Слова на букву leni-micr (6389) New Collegiate Dictionary
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Слова на букву leni-micr (6389)

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adjective Etymology: Latin lenient-, leniens, present participle of lenire to soften, soothe, from lenis soft, mild; probably akin to Lithuanian lėnas tranquil — more at ...
adverb see lenient
biographical name 1870-1924 originally Vladimir Ilyich Ulyanov Russian Communist leader
Lenin Peak
geographical name mountain 23,405 feet (7134 meters) on border between Kyrgyzstan & Tajikistan; highest in Trans Alai Range
geographical name — see Saint Petersburg 2 • Leningrader noun
noun see Leningrad
noun Date: 1918 the political, economic, and social principles and policies advocated by Lenin; especially the theory and practice of communism developed by or associated ...
noun or adjective see Leninism
noun or adjective see Leninism
adjective Etymology: New Latin, from Latin, mild, smooth Date: circa 1897 produced with an articulation that is lax in relation to another speech sound
noun Etymology: Latin lenire Date: 1912 the change from fortis to lenis articulation
adjective Etymology: Middle English lenitif, from Middle French, from Medieval Latin lenitivus, from Latin lenitus, past participle of lenire Date: 15th century alleviating ...
adverb see lenitive
noun Date: 1548 the quality or state of being lenient ; clemency
also Leni-Lenape noun Etymology: Delaware (Unami dialects) lə̀ni-ləná•p•e Date: circa 1782 Delaware 1
biographical name John (Winston) 1940-1980 British singer & songwriter
noun Etymology: perhaps from French linon linen fabric, lawn, from Middle French lin flax, linen, from Latin linum flax Date: 1821 1. an open weave in which pairs of warp ...
geographical name city N France SW of Lille population 35,278
I. noun Etymology: New Latin lent-, lens, from Latin, lentil; from its shape Date: 1673 1. a. a piece of transparent material (as glass) that has two opposite regular ...
adjective see lens I
adjective see lens I
noun Date: 1938 photographer
noun Etymology: Middle English lente springtime, Lent, from Old English lencten; akin to Old High German lenzin spring Date: 13th century the 40 weekdays from Ash ...
adverb or adjective Etymology: Italian, from lento slow Date: 1724 lento
adverb or adjective Etymology: Italian Date: circa 1847 becoming slower — used as a direction in music
adjective Date: before 12th century of, relating to, or suitable for Lent; especially meager
adjective Etymology: Latin lentus sluggish Date: circa 1935 of, relating to, or living in still waters (as lakes, ponds, or swamps) — compare lotic
noun Etymology: New Latin lenticella, diminutive of Latin lent-, lens lentil Date: circa 1864 a loose aggregation of cells which penetrates the surface (as of a stem) of a ...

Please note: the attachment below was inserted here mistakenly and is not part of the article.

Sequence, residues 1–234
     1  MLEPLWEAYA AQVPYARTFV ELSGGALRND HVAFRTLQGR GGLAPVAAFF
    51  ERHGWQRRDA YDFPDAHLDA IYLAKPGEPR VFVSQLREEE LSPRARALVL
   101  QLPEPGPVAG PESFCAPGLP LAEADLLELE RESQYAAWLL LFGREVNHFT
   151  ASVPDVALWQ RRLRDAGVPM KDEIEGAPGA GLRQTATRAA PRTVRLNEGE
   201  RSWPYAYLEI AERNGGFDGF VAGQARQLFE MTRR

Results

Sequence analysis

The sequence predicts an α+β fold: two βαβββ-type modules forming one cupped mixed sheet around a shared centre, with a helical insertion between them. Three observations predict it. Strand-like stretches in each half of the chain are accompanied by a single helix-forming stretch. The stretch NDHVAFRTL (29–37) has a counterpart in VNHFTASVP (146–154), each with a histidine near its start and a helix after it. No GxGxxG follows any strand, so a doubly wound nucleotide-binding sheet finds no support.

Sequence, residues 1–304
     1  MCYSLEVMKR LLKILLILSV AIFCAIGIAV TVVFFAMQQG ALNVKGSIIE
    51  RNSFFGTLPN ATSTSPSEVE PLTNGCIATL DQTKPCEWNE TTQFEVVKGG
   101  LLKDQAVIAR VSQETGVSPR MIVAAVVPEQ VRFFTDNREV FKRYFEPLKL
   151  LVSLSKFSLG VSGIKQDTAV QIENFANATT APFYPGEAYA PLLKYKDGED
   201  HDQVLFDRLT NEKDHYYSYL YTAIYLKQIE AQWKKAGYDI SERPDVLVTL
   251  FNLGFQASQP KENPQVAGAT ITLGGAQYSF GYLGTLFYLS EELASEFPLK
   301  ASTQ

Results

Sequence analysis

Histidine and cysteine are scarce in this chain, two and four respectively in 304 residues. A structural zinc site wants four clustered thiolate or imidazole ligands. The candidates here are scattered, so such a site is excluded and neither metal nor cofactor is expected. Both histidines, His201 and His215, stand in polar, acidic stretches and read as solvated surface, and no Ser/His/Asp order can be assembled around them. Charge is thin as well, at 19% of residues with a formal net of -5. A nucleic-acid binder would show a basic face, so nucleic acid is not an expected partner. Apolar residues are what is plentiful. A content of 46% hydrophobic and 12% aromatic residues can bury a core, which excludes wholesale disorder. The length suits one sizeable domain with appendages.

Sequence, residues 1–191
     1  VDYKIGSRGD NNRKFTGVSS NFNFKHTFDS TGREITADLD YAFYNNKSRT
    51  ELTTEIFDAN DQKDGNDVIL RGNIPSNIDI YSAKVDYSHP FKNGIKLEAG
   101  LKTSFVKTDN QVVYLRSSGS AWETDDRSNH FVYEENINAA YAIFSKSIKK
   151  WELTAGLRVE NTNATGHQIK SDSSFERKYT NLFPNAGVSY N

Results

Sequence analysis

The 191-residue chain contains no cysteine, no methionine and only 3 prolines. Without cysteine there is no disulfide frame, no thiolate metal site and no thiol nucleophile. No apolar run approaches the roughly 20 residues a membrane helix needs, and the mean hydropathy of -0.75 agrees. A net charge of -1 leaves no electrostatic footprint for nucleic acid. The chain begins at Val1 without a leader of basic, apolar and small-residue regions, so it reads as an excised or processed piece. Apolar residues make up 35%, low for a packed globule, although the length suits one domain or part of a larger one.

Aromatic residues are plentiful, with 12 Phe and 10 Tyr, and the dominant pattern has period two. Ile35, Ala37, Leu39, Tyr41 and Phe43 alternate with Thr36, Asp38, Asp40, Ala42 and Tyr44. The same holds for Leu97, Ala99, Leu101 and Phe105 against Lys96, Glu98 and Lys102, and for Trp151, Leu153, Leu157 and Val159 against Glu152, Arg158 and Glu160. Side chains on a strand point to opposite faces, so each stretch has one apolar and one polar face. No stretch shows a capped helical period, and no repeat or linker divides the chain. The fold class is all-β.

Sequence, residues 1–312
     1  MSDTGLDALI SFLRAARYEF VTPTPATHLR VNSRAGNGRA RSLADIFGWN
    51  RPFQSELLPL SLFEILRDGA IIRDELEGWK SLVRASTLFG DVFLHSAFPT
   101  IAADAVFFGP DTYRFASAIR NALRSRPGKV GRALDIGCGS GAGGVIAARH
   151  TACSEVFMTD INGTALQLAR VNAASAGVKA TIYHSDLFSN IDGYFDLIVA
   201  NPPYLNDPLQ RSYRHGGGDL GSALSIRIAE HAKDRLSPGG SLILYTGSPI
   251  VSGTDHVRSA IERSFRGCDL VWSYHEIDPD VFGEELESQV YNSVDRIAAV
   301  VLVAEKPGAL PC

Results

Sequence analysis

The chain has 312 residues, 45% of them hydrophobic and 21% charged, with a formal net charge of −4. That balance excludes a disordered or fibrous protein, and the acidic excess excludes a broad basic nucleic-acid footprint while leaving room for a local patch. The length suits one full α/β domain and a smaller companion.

adjective Etymology: Middle English, from Latin lenticularis lentil-shaped, from lenticula lentil Date: 15th century 1. having the shape of a double-convex lens 2. of or ...
noun Etymology: Latin lenticula Date: 1942 1. any of the minute lenses on the base side of a film used in stereoscopic or color photography 2. any of the tiny corrugations ...
noun Etymology: Middle English, from Anglo-French lentille, from Latin lenticula, diminutive of lent-, lens Date: 13th century 1. a widely cultivated Eurasian annual ...
adverb or adjective Etymology: Italian, superlative of lento Date: circa 1903 at a very slow tempo — used as a direction in music
noun Etymology: New Latin, from Latin lentus slow + New Latin virus Date: 1979 any of a genus (Lentivirus) of retroviruses that cause slowly progressive often fatal human and ...
adverb or adjective Etymology: Italian, from lento, adjective, slow, from Latin lentus pliant, sluggish, slow — more at lithe Date: circa 1724 at a slow tempo — used ...
I. noun Etymology: Latin (genitive Leonis), literally, lion — more at lion Date: before 12th century 1. a northern constellation east of Cancer 2. a. the fifth sign of ...
geographical name city central Massachusetts N of Worcester population 41,303
geographical name 1. (or León de los Aldamas) city central Mexico in Guanajuato population 872,453 2. city W Nicaragua population 90,897 3. region & ancient kingdom NW ...
León de los Aldamas
geographical name see León 1
biographical name William Ellery 1876-1944 American educator & poet
adjective see Leonardo da Vinci
Leonardo da Vinci
biographical name 1452-1519 It. painter, sculptor, architect, & engineer • Leonardesque adjective
biographical name Ruggiero 1858-1919 Italian composer & librettist
noun (plural leones or leone) Etymology: Sierra Leone Date: 1964 — see money table
Leone, Monte
geographical name mountain 11,657 feet (3553 meters) on border between Switzerland & Italy SW of Simplon Pass; highest in Lepontine Alps
noun (plural Leonids or Leonides) Etymology: Latin Leon-, Leo; from their appearing to radiate from a point in Leo Date: 1876 any of the meteors in a meteor shower occurring ...
biographical name died 480 B.C. Greek hero; king of Sparta (490?-480)
adjective Etymology: Middle English, from Latin leoninus, from leon-, leo Date: 14th century of, relating to, suggestive of, or resembling a lion
adjective see Leo I
noun Etymology: Middle English, from Anglo-French lepart, leupart, from Late Latin leopardus, from Greek leopardos, from leōn lion + pardos leopard Date: 13th century 1. a ...
leopard cat
noun Date: 1866 a small spotted cat (Felis bengalensis) chiefly of southeastern Asia
leopard frog